Republicans Own EPA Corruption
Published June 7, 2018 / Updated June 9, 2021

Republicans Own EPA Corruption

Scott Pruitt is looting the EPA and House Republicans refuse to stop him

by Chris Thomas

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[Image by Lorie Shaull via Wikimedia Commons](,_Rally_To_Oppose_EPA_Nominee_Scott_Pruitt_(32119365773) .jpg)

House Republicans voted this week to block Mark Pocan’s (D WI-02) amendment to the FY 2019 Interior, Environment, and Related Agencies Appropriations Bill which would have fully funded the EPA’s Office of the Inspector General (OIG). House Republicans had previously cut the EPA OIG budget despite the mounting scandals associated with EPA Administrator Scott Pruitt, and the mounting costs associated with investigating those legal and ethical lapses, thereby forcing the OIG to forgo investigation of many serious abuses.

For those of you keeping track, Mr Pruitt’s laundry list of scandals, abuses, and indiscretions now includes the following (hat-tip: Axios):

He reportedly ordered raises for two aides, despite the White House rejecting his request. He later said he was unaware of the raises.
He spent $3 million of taxpayer funds on an extensive security detail, which was three times bigger than his predecessor’s.
Biometric locks were installed on his office doors for $5,700, Politico reports.
He came under fire for renting a bedroom near Capitol Hill from a lobbyist for $50 a night. He told the Washington Examiner: “I’m dumbfounded that that’s controversial.”
The agency installed a $43,000 private phone booth in his office.
He has spent over $105,000 on first-class flights, per Politico, citing “threats to his safety.”
He had a tendency to want to use flashing lights and sirens on his motorcade to cut through D.C. traffic — including at least one trip to a popular French restaurant, Le Diplomate.
A former Comcast lobbyist helped the agency set up a trip to Morocco in December, which cost $100,000, despite original claims that it would cost $40,000.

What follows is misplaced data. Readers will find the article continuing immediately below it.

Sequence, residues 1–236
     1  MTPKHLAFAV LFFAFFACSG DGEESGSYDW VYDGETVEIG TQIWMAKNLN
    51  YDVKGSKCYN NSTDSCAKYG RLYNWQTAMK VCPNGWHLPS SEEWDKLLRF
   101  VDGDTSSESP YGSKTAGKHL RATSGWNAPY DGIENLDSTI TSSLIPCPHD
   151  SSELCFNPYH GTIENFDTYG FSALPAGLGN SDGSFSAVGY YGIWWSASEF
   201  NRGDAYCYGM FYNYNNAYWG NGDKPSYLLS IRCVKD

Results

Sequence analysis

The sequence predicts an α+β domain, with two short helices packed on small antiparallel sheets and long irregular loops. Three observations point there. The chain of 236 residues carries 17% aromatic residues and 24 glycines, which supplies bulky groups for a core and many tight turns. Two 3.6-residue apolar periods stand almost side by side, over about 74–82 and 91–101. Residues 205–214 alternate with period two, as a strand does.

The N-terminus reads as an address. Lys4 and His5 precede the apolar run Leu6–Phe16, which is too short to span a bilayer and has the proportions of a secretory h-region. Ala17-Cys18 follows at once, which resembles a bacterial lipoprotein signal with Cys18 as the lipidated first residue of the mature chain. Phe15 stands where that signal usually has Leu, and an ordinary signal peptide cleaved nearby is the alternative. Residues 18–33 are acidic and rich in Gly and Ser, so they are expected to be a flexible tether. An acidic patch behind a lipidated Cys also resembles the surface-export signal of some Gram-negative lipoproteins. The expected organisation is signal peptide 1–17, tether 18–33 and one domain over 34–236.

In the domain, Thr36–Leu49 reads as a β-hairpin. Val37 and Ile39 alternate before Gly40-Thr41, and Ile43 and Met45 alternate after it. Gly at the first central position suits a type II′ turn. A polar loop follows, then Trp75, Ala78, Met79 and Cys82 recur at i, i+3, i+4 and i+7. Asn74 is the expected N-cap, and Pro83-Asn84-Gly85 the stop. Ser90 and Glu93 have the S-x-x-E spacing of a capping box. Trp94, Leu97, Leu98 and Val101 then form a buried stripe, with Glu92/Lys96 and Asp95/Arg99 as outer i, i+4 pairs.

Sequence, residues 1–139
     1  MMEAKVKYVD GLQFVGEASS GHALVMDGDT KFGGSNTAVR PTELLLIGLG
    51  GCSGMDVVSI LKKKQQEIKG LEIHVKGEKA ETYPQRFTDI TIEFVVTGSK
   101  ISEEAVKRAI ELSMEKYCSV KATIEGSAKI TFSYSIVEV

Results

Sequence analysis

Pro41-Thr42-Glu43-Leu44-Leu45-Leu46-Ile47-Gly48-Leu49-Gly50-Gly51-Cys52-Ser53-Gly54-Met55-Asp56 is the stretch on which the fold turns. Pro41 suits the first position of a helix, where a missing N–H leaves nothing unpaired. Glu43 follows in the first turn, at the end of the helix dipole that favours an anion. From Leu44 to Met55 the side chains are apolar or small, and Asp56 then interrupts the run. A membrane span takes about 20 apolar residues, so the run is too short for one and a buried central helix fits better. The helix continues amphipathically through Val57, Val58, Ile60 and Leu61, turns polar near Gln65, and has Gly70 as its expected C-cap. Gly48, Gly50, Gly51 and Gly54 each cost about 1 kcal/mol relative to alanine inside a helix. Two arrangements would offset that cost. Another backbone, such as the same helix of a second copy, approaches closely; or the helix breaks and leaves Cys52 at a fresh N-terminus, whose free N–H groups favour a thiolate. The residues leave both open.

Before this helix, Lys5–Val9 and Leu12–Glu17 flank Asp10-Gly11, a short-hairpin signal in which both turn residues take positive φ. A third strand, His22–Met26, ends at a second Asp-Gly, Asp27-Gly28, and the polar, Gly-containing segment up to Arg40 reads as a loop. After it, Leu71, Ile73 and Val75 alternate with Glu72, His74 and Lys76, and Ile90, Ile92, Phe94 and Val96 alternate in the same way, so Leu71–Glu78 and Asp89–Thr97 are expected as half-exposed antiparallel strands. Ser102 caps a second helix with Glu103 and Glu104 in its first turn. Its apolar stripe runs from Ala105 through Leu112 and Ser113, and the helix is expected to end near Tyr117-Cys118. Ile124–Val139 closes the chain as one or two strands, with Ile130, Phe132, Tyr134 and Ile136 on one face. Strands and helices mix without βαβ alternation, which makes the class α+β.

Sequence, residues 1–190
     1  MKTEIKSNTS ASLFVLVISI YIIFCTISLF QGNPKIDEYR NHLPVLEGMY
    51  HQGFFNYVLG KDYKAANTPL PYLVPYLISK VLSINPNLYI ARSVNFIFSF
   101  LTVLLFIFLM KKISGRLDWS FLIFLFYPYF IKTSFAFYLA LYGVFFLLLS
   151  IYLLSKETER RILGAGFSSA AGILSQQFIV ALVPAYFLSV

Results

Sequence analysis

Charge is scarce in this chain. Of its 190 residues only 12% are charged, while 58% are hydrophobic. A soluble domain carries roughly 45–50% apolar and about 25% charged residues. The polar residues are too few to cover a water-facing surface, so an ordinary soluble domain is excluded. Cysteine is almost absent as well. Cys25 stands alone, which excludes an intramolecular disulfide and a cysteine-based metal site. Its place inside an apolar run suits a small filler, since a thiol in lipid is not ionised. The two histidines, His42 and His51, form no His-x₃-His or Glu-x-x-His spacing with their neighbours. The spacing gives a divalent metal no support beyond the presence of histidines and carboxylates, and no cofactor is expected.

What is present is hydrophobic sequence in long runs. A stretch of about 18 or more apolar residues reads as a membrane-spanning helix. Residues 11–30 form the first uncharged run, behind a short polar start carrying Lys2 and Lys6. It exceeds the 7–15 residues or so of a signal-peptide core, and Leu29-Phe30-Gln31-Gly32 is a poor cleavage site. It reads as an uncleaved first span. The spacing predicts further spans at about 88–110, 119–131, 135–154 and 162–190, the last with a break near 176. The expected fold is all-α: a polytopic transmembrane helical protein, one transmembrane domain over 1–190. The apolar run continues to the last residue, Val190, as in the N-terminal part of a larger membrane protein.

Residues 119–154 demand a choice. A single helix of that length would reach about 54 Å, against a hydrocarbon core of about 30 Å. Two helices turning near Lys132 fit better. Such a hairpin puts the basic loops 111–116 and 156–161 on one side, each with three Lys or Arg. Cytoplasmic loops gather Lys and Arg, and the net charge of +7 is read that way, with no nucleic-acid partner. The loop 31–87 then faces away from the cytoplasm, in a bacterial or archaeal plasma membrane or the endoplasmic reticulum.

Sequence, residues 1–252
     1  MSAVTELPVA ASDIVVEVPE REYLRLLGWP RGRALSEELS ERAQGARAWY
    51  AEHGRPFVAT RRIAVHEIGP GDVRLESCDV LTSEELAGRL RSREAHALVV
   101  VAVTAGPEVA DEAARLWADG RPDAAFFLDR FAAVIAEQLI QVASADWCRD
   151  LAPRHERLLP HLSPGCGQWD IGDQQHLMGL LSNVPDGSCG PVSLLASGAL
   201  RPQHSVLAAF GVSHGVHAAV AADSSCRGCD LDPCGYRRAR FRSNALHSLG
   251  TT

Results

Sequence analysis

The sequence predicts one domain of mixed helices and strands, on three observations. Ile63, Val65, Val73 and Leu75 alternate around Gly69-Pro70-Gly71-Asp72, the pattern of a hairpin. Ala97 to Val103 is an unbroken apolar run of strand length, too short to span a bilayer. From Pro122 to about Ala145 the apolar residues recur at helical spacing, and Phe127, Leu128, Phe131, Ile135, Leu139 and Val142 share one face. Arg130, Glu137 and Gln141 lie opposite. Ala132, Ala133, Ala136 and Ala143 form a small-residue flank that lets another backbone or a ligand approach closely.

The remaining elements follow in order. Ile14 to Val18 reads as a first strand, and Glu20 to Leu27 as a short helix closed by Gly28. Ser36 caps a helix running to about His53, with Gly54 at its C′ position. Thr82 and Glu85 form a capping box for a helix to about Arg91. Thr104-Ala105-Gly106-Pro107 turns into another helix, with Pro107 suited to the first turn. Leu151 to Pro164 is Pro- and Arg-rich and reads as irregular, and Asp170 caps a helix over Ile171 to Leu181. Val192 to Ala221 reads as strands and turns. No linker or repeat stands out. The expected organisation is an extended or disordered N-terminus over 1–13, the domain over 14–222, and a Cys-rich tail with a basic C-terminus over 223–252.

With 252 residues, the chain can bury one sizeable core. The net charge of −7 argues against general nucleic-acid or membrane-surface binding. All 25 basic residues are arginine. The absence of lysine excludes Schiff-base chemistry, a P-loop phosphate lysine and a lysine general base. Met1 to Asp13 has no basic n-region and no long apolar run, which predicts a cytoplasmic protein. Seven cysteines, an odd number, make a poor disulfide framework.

Pruitt accepted seats at a University of Kentucky basketball game for him and his son from a billionaire coal executive.
His staff spent over $1,500 on fountain pens, CNN reported, and more than $1,600 on journals.
His director of scheduling and advance says Pruitt asked her to perform personal tasks, which included a request for a Trump hotel mattress.

What does this mean?

It’s no secret that the semi-official position of the Republican Party is that the EPA shouldn’t exist.

Pruitt’s behavior and the House GOP’s unwillingness to hold him to account suggests that this is not “ethical tone deafness” but a deliberate attempt to undermine the EPA. Rather than eliminating the agency outright, which would involve a protracted fight in Congress, Mr Trump chose to appoint a caricature of corruption and graft and House Republicans have acted to undermine even the anemic checks that remain to safeguard the agency. The distinction between apathy and complicity is one that, at some point, stops mattering.

Tell Congress What You Think

If Congress lacks the spine to hold Scott Pruitt to account the least it can do is fund the EPA’s inspector general so that someone does so. If you think that Pruitt’s abuse of the EPA deserves investigation you can write your Representatives and Senators by texting RESIST to 50409. If SMS isn’t your style, you can contact your government by talking to Resistbot on Facebook Messenger, Telegram, or Twitter.

Who should I write?

You should write your Representatives and Senators as they’re the folks who are supposed to be safeguarding your interests. If your Representative happens to be on the House Appropriations Committee, however, your voice is especially important here. Appropriations voted down Pohan’s amendment on straight party lines with Republicans opposing funding for the EPA OIG.

House Appropriations Members

Majority (Republicans)

Rodney Frelinghuysen, New Jersey, Chairman
Hal Rogers, Kentucky
Robert Aderholt, Alabama
Kay Granger, Texas
Mike Simpson, Idaho
John Culberson, Texas
John Carter, Texas
Ken Calvert, California
Tom Cole, Oklahoma
Mario Diaz-Balart, Florida
Charlie Dent, Pennsylvania
Tom Graves, Georgia
Kevin Yoder, Kansas
Steve Womack, Arkansas
Jeff Fortenberry, Nebraska
Tom Rooney, Florida
Chuck Fleischmann, Tennessee
Jaime Herrera Beutler, Washington
David Joyce, Ohio
David Valadao, California
Andy Harris, Maryland
Martha Roby, Alabama
Mark Amodei, Nevada
Chris Stewart, Utah
David Young, Iowa
Evan Jenkins, West Virginia
Steven Palazzo, Mississippi
Dan Newhouse, Washington
John Moolenaar, Michigan
Scott Taylor, Virginia

Minority (Democrats)

Nita Lowey, New York, Ranking Member
Marcy Kaptur, Ohio
Pete Visclosky, Indiana
José Serrano, New York
Rosa DeLauro, Connecticut
David Price, North Carolina
Lucille Roybal-Allard, California
Sanford Bishop, Georgia
Barbara Lee, California
Betty McCollum, Minnesota
Tim Ryan, Ohio
Dutch Ruppersberger, Maryland
Debbie Wasserman Schultz, Florida
Henry Cuellar, Texas
Chellie Pingree, Maine
Mike Quigley, Illinois
Derek Kilmer, Washington, Vice Ranking Member
Matt Cartwright, Pennsylvania
Grace Meng, New York
Mark Pocan, Wisconsin
Katherine Clark, Massachusetts
Pete Aguilar, California

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